HM Revenue & Customs has told the Treasury committee that nearly one in ten small businesses are under investigation as it attempts to recoup the £34 billion tax it failed to collect in 2015-2016 – and that small businesses are to blame for nearly half (46%) of the uncollected tax.
How can you ensure that your business isn’t to blame for uncollected tax, either this this year or in future?
Paying your dues
HMRC do carry out random investigations to discourage tax evasion and ensure the fairness of the system, so any business can potentially be investigated. However, aside from this, the Institute of Chartered Accountants in England and Wales (ICAEW) has reminded small businesses that they’re most likely to come under investigation if figures on their self-assessment, corporation tax or VAT returns appear wrong, or if their records are judged insufficient for them to submit a proper tax return.
The ICAEW has urged small businesses to ensure they keep all invoices for sales and purchases, receipts for business expenses and bank records.
As for accurate accounting and tax returns, the best solution for this will always be to hire an accountant and hand bookkeeping and tax returns over to them. They then shoulder the responsibility of ensuring your accounts are kept correctly and your tax returns are error-free and filed on time. Not only that, but they’ll also ensure you keep as much of your hard-earned cash as possible and become your tax representative, dealing with any HMRC queries.
Clive Lewis, ICAEW head of enterprise, said: “Legally businesses have to keep records for income, VAT and employees. If HMRC announces that they are looking more closely at a company it can be both daunting and frightening for the business owner.”
Undergoing an HMRC investigation
If HMRC has reason to investigate your business, they will contact you to tell you they’re investigating, but won’t tell you why.
They may phone you or send a letter, which may contain a list of records they want to see. There will be a deadline, usually around a month away, by which you must respond. What they want to see will depend on if they’re undertaking an Aspect Enquiry (on just one aspect of your tax return) or a Full Enquiry, but it may include:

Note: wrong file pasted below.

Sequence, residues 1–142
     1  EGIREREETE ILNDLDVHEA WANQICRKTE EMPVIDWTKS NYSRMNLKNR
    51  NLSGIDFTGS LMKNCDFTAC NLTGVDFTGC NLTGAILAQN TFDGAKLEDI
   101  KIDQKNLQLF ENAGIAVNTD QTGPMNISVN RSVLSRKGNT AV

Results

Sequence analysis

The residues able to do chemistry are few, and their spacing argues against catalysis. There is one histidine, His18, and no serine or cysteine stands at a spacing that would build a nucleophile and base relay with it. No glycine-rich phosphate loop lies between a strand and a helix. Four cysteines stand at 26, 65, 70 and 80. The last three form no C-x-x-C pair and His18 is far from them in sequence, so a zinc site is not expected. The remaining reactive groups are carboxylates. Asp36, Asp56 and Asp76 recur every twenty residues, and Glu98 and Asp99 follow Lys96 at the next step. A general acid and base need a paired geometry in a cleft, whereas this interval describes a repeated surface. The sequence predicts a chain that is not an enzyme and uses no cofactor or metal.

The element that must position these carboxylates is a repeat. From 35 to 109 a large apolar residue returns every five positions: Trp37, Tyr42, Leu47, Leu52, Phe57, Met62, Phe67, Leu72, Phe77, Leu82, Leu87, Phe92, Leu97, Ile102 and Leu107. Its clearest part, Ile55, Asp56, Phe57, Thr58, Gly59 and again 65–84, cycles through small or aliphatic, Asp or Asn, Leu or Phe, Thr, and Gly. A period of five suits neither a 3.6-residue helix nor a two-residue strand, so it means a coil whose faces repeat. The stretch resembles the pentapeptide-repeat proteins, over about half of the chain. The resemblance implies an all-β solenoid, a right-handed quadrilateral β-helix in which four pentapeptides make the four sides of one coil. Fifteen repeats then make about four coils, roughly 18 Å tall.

Chequebooks and paying in slips
Credit card statements
Sales invoices / Till rolls
Job quotes or estimates
Purchase invoices and expense receipts
If your records are stored digitally, they can ask for details of the software package and a copy of your records.
HMRC may request a face-to-face meeting, either at a tax office, your business or your premises. If you have an accountant or tax adviser, they can be there too to represent you.
After the meeting or checking records, HMRC will write to tell you the results of the check.
If you’ve paid too much tax, you’ll be repaid, sometime with interest. If you haven’t paid enough, you’ll have to pay the excess in 30 days and usually interest from the date the tax was due too.
To decide whether to charge you a penalty fee, HMRC will look at:
the reasons why you underpaid or overclaimed the tax
whether you told HMRC as soon as you could
how helpful you’ve been during the check
You can appeal if you disagree with the decision that HMRC come to. A HMRC investigation can be daunting, so to ensure you’re complying with HMRC’s rules, hire an accountant.
Not only does this ensure that all your financial records and returns are in order, it also means that should HMRC chose your business for a random compliance check, your accountant can deal with any HMRC and represent you.
Interested in hiring an accountant? At TAP we offer low-cost accountancy services along with access to your own personal accountant. Get a quote here.
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We work very closely with our expert accountants to bring you the latest factually correct tax and accounting news. We also enjoy writing about small business news that we hope you find useful!